Unless mandatory wearing of helmets becomes law, cyclists are free to choose whether to wear one and they're entitled to base their decision on their own personal reasons. For some it’s comfort and convenience, for others it’s simply that they’re lucky enough to live somewhere with decent cycling infrastructure so they feel safe enough to ride with the wind in their hair.
One thing worth considering is some cyclists would argue that the helmet debate is a distraction from the bigger issue of widespread dangerous driving and unsuitable infrastructure.
To quote a headline from the Guardian, ‘You don’t make it safe by forcing cyclists to dress for urban warfare.’ In cities and countries with infrastructure designed for cyclists, helmets are certainly less common.
Ride side by side
Why don’t cyclists stay out of the way on the left? It’s such a hassle to overtake when they insist on riding side by side, isn’t it?
Again, it’s totally legal. The only guidance on when it might not be appropriate is in Rule 66 of the Highway Code – cyclists should ride in single file “on narrow or busy roads and when riding round bends.”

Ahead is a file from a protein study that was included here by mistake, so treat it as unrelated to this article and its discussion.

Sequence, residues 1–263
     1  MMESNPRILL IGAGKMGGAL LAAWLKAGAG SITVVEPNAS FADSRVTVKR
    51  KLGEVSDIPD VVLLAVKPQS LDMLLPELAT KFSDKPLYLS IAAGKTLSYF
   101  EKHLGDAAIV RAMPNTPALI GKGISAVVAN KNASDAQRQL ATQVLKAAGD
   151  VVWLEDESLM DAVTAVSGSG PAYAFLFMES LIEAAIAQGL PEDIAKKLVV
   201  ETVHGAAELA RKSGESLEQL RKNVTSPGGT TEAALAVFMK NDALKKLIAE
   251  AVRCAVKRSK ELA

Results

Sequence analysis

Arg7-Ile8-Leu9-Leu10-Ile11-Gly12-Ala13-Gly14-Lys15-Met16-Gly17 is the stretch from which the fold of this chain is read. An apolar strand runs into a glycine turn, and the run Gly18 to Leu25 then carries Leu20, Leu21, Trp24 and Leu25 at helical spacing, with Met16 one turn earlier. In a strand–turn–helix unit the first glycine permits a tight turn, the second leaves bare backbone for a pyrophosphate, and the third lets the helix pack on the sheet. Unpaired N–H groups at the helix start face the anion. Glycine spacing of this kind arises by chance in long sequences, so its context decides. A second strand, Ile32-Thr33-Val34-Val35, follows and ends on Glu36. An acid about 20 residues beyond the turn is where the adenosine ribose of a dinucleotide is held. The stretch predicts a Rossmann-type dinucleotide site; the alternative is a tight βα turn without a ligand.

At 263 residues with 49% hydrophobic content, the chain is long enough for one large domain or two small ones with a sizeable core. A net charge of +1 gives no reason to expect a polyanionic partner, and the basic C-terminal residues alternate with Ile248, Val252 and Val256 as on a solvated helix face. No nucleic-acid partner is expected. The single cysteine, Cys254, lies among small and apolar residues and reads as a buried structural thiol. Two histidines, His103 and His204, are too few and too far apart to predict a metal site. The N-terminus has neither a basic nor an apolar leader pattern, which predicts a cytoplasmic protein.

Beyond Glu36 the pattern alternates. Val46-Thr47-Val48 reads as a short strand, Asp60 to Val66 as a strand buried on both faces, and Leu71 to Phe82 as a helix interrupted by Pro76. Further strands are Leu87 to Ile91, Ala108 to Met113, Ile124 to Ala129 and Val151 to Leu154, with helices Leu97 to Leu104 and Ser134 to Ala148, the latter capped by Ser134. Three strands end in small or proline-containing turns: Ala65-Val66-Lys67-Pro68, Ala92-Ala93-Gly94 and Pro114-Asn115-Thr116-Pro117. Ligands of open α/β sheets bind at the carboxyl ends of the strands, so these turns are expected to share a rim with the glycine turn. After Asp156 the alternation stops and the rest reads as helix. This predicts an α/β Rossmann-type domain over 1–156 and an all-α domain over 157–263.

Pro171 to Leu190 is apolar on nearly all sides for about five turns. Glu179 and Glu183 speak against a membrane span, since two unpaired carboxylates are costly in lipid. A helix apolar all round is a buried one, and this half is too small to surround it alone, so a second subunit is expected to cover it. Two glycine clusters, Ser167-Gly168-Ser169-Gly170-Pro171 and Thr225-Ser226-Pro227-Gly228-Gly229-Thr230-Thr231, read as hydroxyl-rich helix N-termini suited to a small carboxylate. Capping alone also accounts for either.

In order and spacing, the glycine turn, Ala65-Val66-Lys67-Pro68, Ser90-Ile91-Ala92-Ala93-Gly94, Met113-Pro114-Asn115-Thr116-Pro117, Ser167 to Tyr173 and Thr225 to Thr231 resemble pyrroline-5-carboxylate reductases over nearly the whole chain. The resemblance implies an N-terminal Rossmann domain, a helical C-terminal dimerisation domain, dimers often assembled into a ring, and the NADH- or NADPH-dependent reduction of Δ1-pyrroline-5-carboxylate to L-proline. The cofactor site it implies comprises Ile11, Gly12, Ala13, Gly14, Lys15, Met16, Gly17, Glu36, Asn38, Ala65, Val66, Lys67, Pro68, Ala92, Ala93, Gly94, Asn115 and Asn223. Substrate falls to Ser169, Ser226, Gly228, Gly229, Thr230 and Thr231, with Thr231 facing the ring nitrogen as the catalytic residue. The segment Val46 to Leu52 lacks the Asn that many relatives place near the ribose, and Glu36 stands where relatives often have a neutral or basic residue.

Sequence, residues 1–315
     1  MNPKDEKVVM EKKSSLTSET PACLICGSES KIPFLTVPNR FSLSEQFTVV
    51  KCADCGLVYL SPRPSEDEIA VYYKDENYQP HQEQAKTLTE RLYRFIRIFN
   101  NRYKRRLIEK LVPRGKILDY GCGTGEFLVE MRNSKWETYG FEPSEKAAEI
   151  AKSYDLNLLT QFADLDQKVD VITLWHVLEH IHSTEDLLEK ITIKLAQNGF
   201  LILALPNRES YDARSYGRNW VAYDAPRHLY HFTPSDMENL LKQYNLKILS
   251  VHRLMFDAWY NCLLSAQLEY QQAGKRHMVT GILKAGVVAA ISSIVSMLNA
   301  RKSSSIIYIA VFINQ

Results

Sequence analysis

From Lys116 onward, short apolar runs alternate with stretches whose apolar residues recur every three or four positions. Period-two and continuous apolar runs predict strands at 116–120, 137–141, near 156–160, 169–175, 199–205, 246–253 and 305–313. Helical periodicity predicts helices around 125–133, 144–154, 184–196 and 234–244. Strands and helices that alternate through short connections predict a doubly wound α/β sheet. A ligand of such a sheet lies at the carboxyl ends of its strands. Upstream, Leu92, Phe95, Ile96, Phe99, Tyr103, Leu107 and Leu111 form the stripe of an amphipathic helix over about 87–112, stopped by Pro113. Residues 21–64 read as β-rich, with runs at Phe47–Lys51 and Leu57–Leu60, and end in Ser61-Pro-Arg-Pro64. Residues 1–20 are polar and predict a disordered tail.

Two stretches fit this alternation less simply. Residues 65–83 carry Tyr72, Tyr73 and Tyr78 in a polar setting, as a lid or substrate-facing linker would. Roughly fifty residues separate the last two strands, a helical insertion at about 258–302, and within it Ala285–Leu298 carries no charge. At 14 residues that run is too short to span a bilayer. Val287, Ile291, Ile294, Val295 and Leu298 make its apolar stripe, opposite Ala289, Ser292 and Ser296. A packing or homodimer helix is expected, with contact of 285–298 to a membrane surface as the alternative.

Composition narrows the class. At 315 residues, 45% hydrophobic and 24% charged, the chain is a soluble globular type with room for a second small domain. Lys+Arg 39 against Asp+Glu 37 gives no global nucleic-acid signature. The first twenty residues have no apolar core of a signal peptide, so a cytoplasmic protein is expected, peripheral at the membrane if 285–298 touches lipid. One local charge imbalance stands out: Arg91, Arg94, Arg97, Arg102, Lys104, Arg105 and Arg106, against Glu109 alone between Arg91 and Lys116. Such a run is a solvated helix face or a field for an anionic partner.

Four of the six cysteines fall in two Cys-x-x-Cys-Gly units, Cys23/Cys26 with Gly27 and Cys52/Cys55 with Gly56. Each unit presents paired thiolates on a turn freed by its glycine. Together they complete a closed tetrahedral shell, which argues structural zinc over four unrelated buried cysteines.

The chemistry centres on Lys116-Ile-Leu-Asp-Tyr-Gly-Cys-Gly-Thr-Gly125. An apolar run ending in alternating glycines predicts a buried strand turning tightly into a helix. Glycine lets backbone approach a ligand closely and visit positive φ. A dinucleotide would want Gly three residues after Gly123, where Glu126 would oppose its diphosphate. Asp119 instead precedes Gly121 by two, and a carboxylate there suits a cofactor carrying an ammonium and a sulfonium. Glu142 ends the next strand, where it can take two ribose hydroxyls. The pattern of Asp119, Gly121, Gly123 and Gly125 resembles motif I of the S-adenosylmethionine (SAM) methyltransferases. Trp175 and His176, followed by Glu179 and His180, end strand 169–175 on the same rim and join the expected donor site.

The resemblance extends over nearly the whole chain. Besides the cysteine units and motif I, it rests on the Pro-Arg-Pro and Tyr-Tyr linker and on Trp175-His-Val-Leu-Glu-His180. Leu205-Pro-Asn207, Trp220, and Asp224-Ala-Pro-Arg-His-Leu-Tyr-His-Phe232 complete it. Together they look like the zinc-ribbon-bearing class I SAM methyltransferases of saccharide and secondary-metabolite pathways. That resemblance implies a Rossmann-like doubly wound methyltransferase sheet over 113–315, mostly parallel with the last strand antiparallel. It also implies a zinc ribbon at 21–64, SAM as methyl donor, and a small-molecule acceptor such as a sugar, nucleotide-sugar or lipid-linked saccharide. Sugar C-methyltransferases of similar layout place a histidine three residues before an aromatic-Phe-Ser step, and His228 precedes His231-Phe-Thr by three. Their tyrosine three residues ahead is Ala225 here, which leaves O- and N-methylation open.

As well as being a more sociable way to ride, it can also be a safer way to ride. By riding side-by-side, cyclists become easier for drivers to see and therefore, hopefully, decrease their chances of being struck by a vehicle.
Believe it or not, cyclists who ride two abreast could even be doing drivers a favour, since groups are more compact in this formation, so they are easier to overtake. Just imagine twenty riders in a line, then think how much shorter the distance is to overtake the same group when it’s only ten bike lengths.
Go home, change out of their cycling kit and have normal lives like everybody else
Whether they’re using a bike to commute, to get fit, to compete or to dash to the shops, all cyclists have one thing in common. They’re also people.
Cyclists have parents, children, brothers, sisters, friends, nieces, nephews, people who rely on them at work, people who would miss them if they were gone.
The laws that apply to drivers and to cyclists are designed to ensure we can all use the roads safely. Both groups of road users can behave unexpectedly, and it can be frustrating. However, a little mutual understanding and patience can go a long way in making everybody happier and safer.